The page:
He doesn't host his own syndicated talk radio show. That isn't his chair behind the desk of a cable-news program. You won't find his byline on the op-ed pages, discussing the ins and outs of President Obama's latest policy proposal.
He's a gap-toothed, late-night comedian, and he's in justifiably hot water with conservatives for making some pretty vile jokes.
Earlier this month on CBS' "Late Show," host David Letterman took aim at Alaska Gov. Sarah Palin's recent trip to New York City, offering up some off-color and patently sexist quips. During his opening monologue, Letterman said, "One awkward moment for Sarah Palin at the Yankee game. During the 7th inning, her daughter was knocked up by Alex Rodriguez." Then, later in the same broadcast, while presenting No. 2 on his famed Top Ten list, this time of "Highlights of Sarah Palin's Trip to New York," Letterman said the former Republican vice presidential nominee had "bought makeup at Bloomingdale's to update her 'slutty flight attendant' look."
Letterman did the right thing in apologizing twice for his tasteless attempts at humor, finally noting that the intention of his jokes was meaningless when considering the way any rational-thinking person would perceive his jokes. Ultimately, though, it is Letterman's future conduct that will determine the sincerity of his contrition.
Still, the right's fury rages on. It is hard, however, to take conservatives seriously when one considers that each and every day, real players in the rudderless conservative movement -- powerful talk-radio hosts, cable-news hosts, pundits, columnists and bloggers -- throw aside the reasonable boundaries of a civil political discourse by using wickedly divisive, cruelly insensitive, intentionally misleading and downright hateful rhetoric. And the response from their followers? Hardly a peep.
Rank hypocrisy is nothing new for right-wingers, or politics in general, but in a selfless attempt to help them avoid the "hypocrite" label this time around, I humbly present a Top Ten list of "Right-Wingers From Whom Conservatives Should Be Demanding Apologies."
10) Focus on the Family founder James Dobson, for falsely claiming a hate-crimes bill that adds gay, lesbian, and transgender Americans to the list of protected groups would also protect those who commit incest, necrophilia, pedophilia, bestiality, and a host of other perversions.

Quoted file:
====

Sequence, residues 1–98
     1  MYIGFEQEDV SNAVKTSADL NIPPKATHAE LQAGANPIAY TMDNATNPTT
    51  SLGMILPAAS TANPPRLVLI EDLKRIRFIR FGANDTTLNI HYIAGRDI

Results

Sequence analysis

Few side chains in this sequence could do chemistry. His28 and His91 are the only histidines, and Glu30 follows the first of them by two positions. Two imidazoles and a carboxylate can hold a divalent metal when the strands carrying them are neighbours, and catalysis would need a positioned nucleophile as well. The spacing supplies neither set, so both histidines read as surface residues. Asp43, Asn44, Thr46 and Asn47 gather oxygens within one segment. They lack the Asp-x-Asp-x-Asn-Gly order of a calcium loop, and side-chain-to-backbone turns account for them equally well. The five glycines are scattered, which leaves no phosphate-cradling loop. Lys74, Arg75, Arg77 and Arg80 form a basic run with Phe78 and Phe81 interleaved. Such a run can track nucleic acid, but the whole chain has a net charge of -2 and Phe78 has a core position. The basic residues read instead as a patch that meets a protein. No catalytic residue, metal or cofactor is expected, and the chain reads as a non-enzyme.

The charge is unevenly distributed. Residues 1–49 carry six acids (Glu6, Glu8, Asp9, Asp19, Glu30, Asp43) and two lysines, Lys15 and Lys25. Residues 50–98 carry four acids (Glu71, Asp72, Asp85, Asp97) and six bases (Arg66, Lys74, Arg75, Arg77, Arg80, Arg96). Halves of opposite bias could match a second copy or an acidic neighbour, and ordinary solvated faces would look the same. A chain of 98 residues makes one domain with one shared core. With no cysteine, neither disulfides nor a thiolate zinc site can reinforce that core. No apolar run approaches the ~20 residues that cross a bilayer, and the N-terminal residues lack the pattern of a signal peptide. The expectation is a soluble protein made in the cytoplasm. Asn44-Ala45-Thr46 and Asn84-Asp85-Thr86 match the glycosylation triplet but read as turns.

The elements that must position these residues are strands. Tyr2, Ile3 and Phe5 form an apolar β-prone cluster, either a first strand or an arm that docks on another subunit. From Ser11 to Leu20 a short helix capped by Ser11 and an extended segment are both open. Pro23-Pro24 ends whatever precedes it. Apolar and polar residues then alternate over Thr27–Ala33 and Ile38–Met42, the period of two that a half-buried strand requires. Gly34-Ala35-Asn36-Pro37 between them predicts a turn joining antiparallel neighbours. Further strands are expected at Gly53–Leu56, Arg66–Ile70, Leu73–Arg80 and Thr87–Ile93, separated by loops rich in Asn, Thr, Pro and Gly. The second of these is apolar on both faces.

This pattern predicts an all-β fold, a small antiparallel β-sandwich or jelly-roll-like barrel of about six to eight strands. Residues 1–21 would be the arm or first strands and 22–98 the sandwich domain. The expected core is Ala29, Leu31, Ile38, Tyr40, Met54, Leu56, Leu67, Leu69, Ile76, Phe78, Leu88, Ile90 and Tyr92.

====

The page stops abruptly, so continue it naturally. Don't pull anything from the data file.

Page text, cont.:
9) Fox News' Sean Hannity, for hosting "Internet journalist" Andy Martin, who once called a judge a "crooked, slimy Jew, who has a history of lying and thieving common to members of his race."
8) Syndicated radio host Neal Boortz, for describing welfare recipients as "human parasitic garbage lining up to get their applications to loot."
7) Fox News conspiracy-theorist-in-chief Glenn Beck, for describing Obama's nomination of Sonia Sotomayor to the Supreme Court as, "Hey, Hispanic chick lady! You're empathetic. ... You're in!"
6) MSNBC's resident cranky uncle, Pat Buchanan, for saying prior to Sotomayor's selection that he wanted Obama to pick a Supreme Court justice "who has real stature, impresses people" but thinking instead that Obama would pick "a minority, a woman and/or a Hispanic."
5) Syndicated radio host Jim Quinn, for repeatedly calling NOW the "National Organization of Whores."
4) Cincinnati-based radio host Bill Cunningham, for alleging that "Obama wants to gas the Jews."
3) Michael Savage (née Weiner), the third-highest-rated radio host in America, for saying "Obama hates" and "is raping America."
2) Fox News' irrepressible mega-star Bill O'Reilly, for repeatedly quacking that the legalization of gay marriage could lead to folks marrying ducks.
And No. 1, the conservative movement's de facto leader, Rush Limbaugh, for saying of Obama, "We are being told that we have to hope he succeeds, that we have to bend over, grab the ankles ... because his father was black."
In all honesty, the list could have included dozens of other media conservatives, with comments and actions numbering in the hundreds. At the end of the day, expecting consistency from a movement motivated primarily by divisiveness and fearmongering is perhaps a bit much to ask. It's sad that the righteous complaints over Letterman's ill-conceived jokes are undermined by the right's inability to hold their own ilk accountable.
We should all be concerned about the level of sexism, racism, homophobia, and bigotry in general found in today's media landscape -- regardless of the offending party. Unfortunately, much like the iconic gap between Letterman's front teeth, so too is there a gaping hole in the credibility of his conservative critics, however justified their claims may be.
Karl Frisch is a senior fellow at Media Matters for America, a progressive media watchdog, research and information center based in Washington, D.C.